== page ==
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Crash course: Sofa shopping

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Crash course: Sofa shopping




January 14, 2001




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From presidents to fake breasts to avoiding the long arm of the law, when Americans elect to do something, we’re serious about it. And so it must be when we buy a new sofa. A couch is the leader of your living room, the kingpin of the efficient congress of style and relaxation at home. Don’t believe it? Try impeaching your sofa early in its term and watch the side chairs and accessories scurry into splinter groups, replete with their own irreconcilable agendas. Here, then, are the issues you must consider when looking for a piece of furniture that will rule, uncontested. How long should I expect a quality sofa to last? Leaky kids, clawing cats, a preponderance of use compared to other seating surfaces in your home – all play a role in breaking down even the soundest of selections. Jackie Hirschhaut, vice president of the American Furniture Manufacturers Association in High Point, N.C., says entry-level sofas – i.e., those in the $399 to $699 range – should last about five years. Moderate pieces, which means those costing up to $1,000, should do better. Higher end pieces, at $1,200 and up, make re-upholstering a viable option.

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“Kiln-dried hardwood frames” and “eight-way, hand-tied springs” are the rack and pinion steering of the divan world. These key features construct a rigid frame and a configuration of springs designed to give your posterior a superior ride. Because this type of construction requires more hand labor, expect to pay $1,200 plus. Other features, like doubledoweled joints and corner blocking, also increase the sofa’s stability (and, sadly, its cost). Is a sofa from Pottery Barn as good as one in a high-end store? A sofa from a one-stop lifestyle store can, Hirschhaut says, be as good as those from high-end retailers. But what separates the davenport from the

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divan transcends kiln-dried this and hand-tied that. The difference may reside in goose-down cushions, imported fabrics, and custom-built length or height. Truly high-end pieces may be historic reproductions of heirloom quality, upholstered in fabric that’s frankly too fine for the J. Crew-covered bottoms of most Crate and Barrel and Home Restoration patrons. I’ve got Architectural Digest taste on a Reader’s Digest budget – what to do? This is a credit problem waiting to happen, isn’t it? To get the A.D. goods, Hirschhaut says you’ll have to pop for a minimum of $1,000. Can’t I save a bundle by ordering directly from North Carolina, where most furniture is manufactured? “It’s not a sure guarantee that if you come to N.C., you can buy it cheaper,” Hirschhaut says. After all, local retailers are likely paying what North Carolina retailers are; thus any real savings come only from volume buying. Still, in the spirit of scientific inquiry, try this: Take a notepad with you to the store. Send the salesperson off on a timeconsuming errand: “Could you find my husband a couple of aspirin? Big purchases give him a headache.” Then jot down the manufacturer, style number, and fabric number of your favorite sofa (the tag may be under the cushions), so you can call a North Carolina retailer for an apples-toapples quote. Remember to add in delivery (charged by weight, and likely at least $100 or more). I’m too embarrassed to lie down in front of a bunch of strangers and test out a sofa. Certainly, it’s easier to do when there’s a keg of beer in the room and loud music blaring in your ear. But now is not the time to let modesty be your virtue. Your mission is to bump, flop and bounce on your couch candidates as much as possible. “Bump up against the sofa and make sure the joints don’t give,” Hirschhaut instructs. “Wiggle around on a cushion to make sure the filling doesn’t separate; then bounce up and down to make sure there’s plenty of support.” Don’t be intimidated by the sales staff – if the sofa is of good quality, they shouldn’t be afraid to have it road-tested. I have a leaky dog, a 3-year-old, and a slob for a mate. What’s the best fabric for me? Well, straitjackets come in cool comfortable cotton these days. But if you insist on giving the terrible trinity run of the house, Hirschhaut says washable velvets and wovens are good bets against stains, hair and other debris. And for added protection, she suggests fortifying with fabric guard – a repellent, to be sure, but not an impenetrable force field. Given your cast of characters, maybe the $399, cheap and cheerful sofa makes more sense than the $5,000 custom-made model. But if you’re prepared to spring for a little more, cover it in leather, which is more resistant to Fido – and Junior’s excesses.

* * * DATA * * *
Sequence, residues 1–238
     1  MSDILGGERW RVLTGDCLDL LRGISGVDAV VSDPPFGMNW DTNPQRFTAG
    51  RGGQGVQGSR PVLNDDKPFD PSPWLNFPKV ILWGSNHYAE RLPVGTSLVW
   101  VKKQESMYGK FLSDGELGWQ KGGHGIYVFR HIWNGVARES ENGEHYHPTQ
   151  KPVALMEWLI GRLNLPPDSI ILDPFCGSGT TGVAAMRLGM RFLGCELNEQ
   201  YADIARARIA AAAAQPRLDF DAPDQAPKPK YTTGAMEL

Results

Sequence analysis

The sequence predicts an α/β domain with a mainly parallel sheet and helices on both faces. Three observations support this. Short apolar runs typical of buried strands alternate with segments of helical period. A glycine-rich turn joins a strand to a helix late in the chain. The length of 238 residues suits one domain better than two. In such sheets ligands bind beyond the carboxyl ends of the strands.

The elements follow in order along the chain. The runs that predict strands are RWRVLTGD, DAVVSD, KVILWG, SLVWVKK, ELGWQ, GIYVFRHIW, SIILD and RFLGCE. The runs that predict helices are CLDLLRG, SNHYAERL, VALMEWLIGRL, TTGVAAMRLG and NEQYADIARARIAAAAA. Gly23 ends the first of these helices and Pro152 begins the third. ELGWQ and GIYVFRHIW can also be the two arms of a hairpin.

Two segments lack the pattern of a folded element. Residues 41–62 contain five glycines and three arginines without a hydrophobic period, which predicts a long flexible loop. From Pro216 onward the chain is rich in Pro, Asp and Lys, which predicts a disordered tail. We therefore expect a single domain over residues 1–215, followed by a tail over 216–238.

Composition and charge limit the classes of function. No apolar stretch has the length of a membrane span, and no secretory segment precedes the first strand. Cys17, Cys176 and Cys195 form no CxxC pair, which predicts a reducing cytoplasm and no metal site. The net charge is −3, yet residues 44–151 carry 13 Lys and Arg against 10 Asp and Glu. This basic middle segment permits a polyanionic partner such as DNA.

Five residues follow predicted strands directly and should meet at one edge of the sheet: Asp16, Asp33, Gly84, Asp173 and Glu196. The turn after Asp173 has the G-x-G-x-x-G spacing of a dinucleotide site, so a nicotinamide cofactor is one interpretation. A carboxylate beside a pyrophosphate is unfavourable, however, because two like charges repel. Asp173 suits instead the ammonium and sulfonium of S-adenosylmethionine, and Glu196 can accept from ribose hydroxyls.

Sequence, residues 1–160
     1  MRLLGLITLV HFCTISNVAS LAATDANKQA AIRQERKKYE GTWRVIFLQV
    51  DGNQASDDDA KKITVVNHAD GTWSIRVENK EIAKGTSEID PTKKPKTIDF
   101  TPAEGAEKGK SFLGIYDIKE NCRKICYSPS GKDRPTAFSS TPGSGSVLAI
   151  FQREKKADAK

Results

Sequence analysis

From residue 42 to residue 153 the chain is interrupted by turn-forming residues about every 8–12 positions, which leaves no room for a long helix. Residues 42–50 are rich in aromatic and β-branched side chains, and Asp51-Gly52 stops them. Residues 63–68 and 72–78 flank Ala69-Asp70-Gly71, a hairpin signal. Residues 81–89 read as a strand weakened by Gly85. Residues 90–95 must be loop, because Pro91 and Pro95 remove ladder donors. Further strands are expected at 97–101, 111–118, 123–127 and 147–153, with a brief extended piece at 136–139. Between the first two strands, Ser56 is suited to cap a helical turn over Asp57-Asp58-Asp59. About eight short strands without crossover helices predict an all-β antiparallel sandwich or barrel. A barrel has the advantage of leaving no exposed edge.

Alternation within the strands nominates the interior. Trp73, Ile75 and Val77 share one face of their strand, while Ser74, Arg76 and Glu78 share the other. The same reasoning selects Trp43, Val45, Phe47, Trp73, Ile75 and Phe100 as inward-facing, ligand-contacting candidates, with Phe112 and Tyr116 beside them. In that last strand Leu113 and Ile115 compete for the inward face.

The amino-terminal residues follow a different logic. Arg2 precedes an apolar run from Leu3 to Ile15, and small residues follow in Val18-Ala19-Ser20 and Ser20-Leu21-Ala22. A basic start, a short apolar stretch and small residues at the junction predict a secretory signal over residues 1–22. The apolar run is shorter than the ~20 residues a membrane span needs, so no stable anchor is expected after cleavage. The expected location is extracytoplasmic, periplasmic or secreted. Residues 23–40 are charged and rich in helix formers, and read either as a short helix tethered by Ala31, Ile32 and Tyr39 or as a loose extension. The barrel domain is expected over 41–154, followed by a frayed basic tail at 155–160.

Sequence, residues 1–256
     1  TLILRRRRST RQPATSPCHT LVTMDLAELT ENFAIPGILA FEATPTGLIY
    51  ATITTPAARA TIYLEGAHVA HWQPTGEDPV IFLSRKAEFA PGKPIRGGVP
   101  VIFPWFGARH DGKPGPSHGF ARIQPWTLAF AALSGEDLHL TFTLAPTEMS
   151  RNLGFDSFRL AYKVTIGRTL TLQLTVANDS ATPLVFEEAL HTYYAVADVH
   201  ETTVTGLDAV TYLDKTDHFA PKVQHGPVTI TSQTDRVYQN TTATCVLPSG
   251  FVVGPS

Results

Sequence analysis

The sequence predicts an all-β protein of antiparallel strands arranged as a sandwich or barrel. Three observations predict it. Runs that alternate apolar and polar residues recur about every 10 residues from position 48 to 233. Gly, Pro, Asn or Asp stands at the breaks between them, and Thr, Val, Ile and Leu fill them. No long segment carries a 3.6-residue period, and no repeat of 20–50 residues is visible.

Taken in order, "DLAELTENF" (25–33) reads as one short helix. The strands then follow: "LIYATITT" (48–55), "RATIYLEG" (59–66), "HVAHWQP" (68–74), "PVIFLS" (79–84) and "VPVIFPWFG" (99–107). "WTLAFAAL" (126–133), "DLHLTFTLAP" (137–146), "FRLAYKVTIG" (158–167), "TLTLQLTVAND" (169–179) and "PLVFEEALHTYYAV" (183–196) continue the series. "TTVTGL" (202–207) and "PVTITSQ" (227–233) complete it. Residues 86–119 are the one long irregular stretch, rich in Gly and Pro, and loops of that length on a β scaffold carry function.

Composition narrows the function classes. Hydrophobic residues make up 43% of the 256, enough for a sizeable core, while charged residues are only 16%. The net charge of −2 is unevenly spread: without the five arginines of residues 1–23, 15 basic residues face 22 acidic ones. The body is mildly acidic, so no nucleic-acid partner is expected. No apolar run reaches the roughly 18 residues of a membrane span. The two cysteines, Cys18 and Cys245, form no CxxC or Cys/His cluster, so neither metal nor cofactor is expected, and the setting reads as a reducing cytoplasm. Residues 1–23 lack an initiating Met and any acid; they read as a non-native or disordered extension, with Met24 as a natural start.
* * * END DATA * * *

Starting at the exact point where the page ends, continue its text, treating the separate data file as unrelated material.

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Crash Course for Sofa Shoppers  
Crash Course for Sofa Shoppers  

How to buy a good sofa. Or divan. Or couch.